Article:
There are two protagonists, but the story starts with Ella who is around 7-years-old. She lives with her mother in South Central Los Angeles. The year is 1992 and her mother is pregnant. Ella is a very perspective child. One of the reasons for this is because Ella has ESP abilities of an empath and powers that rival Scarlet Witch from X-Men. One day after school, as the Rodney King Verdict is announced, Ella’s mother goes into labor and they have to get to a hospital. After her brother, Kevin, is born, Ella begs her mother to have them move to Harlem believing her rage, and her abilities to feel everyone else’s rage, won’t be as volatile on the East Coast as it is on the West. Several years later, Kev spends his time after school hanging out with his friends outside of a bodega on a street corner, avoiding the notice of both the police and his mother and sister. Some things are easier said than done because Ella cannot control neither her “gift” nor her rage, and Kev can’t do anything to stop himself from becoming another statistic in American society. Soon, Kevin is in jail and Ella “jumps” all over the world observing the ways other people live. The brother becomes indifferent and the sister becomes even more enraged.

            As Kev serves his (exaggeratedly long) sentence in Rikers State Penitentiary, Ella experiences rodeos in Louisiana, horse races in Belmont, the shooting of Sean Bell, the police “raid” at a pool party in McKinley, Texas and the mass shooting in Charleston, South Carolina. Kev, in his youth, becomes worn down in prison and Ella becomes so angry that she seeks advice from her mother and her mother’s acquaintances. Kev is comfortable with the “life” provided for him in prison and on parole. Ella explains to him how both are restrictive forms of freedom, and the only way to achieve freedom is to act on their anger.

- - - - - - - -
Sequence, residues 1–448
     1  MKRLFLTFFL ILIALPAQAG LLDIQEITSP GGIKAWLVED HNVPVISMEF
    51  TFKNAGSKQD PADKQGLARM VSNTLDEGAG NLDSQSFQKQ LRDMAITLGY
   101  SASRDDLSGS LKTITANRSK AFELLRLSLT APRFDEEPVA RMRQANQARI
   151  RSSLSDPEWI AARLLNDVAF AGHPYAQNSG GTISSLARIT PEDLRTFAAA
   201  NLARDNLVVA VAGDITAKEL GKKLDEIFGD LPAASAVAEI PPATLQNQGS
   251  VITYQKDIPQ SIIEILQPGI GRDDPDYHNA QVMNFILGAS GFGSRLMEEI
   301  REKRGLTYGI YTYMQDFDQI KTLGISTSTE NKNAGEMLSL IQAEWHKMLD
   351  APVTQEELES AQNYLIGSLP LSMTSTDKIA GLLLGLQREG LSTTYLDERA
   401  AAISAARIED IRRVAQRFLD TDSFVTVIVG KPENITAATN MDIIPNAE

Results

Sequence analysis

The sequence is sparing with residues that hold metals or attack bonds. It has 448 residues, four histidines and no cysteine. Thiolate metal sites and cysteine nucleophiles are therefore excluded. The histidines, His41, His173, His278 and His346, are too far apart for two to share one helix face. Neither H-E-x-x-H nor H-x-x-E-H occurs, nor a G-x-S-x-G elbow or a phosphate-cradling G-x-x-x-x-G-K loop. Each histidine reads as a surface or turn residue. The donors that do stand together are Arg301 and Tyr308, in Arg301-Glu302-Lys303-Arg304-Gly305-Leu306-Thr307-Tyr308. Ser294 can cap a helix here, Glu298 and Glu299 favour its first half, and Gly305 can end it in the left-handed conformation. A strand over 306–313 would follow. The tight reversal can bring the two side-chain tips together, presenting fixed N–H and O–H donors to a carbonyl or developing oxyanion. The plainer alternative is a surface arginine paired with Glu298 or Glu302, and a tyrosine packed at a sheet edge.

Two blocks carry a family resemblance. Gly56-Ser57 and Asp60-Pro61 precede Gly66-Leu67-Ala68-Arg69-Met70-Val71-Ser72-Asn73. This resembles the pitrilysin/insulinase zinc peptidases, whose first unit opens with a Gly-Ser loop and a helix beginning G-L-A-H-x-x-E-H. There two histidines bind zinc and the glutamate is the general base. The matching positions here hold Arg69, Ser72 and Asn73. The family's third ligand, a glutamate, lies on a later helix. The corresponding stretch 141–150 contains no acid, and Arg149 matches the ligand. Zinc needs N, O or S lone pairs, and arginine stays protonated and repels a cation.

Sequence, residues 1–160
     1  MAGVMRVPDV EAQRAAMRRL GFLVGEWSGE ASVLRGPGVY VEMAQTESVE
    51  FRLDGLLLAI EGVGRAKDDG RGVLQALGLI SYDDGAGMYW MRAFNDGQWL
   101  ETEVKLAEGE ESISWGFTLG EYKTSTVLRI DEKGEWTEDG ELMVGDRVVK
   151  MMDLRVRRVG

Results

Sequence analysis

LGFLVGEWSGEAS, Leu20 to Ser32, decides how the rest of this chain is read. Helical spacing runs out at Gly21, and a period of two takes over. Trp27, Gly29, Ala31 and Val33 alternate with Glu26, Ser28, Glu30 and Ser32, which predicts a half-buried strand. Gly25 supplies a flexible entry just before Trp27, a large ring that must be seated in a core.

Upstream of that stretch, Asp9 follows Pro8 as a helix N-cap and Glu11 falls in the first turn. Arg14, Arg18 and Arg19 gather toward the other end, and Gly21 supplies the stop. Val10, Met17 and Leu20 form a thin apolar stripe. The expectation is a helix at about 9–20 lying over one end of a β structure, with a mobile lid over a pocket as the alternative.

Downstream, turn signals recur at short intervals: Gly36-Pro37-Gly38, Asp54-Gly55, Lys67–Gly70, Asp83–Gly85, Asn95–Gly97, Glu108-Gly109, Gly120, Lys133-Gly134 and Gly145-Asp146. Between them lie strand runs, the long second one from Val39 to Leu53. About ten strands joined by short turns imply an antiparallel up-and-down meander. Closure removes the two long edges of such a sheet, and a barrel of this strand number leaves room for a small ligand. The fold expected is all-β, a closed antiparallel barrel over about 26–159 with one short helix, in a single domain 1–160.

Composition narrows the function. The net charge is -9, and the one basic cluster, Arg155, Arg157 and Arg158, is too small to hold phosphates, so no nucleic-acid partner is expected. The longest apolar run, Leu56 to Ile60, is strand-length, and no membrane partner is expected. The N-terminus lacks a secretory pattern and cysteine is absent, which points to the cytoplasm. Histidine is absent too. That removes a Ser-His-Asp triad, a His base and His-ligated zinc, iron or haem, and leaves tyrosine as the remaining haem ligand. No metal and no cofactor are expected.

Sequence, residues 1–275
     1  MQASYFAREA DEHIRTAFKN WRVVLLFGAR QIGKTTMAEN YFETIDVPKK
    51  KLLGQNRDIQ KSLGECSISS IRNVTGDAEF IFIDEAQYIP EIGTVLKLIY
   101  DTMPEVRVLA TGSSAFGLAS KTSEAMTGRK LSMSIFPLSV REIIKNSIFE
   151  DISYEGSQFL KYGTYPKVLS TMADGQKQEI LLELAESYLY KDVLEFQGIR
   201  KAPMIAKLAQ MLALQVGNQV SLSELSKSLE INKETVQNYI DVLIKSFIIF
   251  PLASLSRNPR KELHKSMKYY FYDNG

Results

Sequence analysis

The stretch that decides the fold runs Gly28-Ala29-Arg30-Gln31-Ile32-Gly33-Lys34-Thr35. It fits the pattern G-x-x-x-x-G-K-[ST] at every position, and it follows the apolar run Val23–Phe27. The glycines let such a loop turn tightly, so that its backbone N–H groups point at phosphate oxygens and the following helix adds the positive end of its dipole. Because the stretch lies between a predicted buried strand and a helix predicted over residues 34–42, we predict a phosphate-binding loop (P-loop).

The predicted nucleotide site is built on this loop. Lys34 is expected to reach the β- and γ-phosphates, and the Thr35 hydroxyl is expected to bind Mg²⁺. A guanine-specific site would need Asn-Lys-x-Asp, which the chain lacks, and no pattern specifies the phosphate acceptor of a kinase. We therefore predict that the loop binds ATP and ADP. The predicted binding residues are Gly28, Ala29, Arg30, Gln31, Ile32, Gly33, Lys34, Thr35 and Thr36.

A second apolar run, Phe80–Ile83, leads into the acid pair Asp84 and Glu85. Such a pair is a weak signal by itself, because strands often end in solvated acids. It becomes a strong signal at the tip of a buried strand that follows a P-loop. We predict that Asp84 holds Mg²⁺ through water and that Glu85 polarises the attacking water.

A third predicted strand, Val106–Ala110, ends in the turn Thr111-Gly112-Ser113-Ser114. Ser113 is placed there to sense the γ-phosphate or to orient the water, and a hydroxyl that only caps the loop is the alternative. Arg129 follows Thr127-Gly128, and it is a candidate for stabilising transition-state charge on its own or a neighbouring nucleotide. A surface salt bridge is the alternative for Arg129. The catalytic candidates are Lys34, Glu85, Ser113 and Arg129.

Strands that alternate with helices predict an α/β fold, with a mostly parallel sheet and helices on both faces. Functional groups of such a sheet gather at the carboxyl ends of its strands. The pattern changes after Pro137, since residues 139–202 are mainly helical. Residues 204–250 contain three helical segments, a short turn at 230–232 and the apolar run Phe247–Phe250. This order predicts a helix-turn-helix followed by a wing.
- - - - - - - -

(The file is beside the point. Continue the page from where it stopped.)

Throughout the narrative, readers witness the events and the treatment Ella and Kev experience throughout their lives and the helplessness they feel over and over again. From Kev’s point-of-view and stream-of-consciousness, readers witness how Black Men are treated in America’s systematic racism from racial profiling to prison (and juvenile detention) to parole. From Ella’s point-of-view, readers experience the world beyond Black America, and moments from the past, including the ones her mother lived through. Ella’s stream-of-consciousness (and empathic powers) allows for readers (and Ella) to feel all of the emotions everyone else is expressing, which leaves her (and us) wondering why more people are not upset with this treatment within society. Given the pace and the moments in U.S. history and society, both Ella and Kev are reliable narrators. 

            The style Tochi Onyebuchi uses for Riot Baby is a social commentary of recent events told with the lenses of speculative fiction. The mood in this novella is rage from mistreatment and oppression in a society. The author makes several references referring to race relations in the U.S.: Rodney King and the L.A. Riots, Sean Bell, Charleston, McKinley, Spike Lee, Black women and childbirth, George Washington Carver, the Confederate Flag, hoodies, neo-Nazis, music—particularly rap, etc. The tone reflects the way one should feel about all of the mistreatment Ella learns and that it is okay to feel anger towards this mistreatment, the same mistreatment which converted her brother into a docile servant of American society. Using superpowers, the author illustrates what will eventually happen if these practices continue.  

            Riot Baby will appeal to fans of both speculative fiction (i.e. comics, manga and graphic novels) and history (i.e. social commentary). Systematic racism continues to be an issue throughout the world, and fans who want to read about this issue in a different style of writing should read this book. Anyone who has read: Between the World and Me by Ta-Nehisi Coates and the MARCH Trilogy by John Lewis will appreciate the themes and the message found within Riot Babythe most.  

            Riot Baby is a parable (“a very short narrative about human beings presented…with a general thesis or lesson that the narrator is trying to bring home to his audience,”) about systematic racism and its practices throughout America (p. 9). Both the story and the title emphasizes that anger continues to build up due to mistreatment, oppression and fear and it’s all felt by one and many. Tochi Onyebuchi presents a believable story about the risks society takes when they ignore the harsh practices and restrictions of a group of people. Riot Baby uses the concept of mutant powers in order to deliver another approach to contemporary American society.

My Rating: MUST READ IT NOW (5 out of 5)!!!

                                                                        Works Cited

Abrams, M.H., and Geoffrey Galt Harpham. A Glossary of Literary Terms. Tenth ed., Wadsworth, 2005.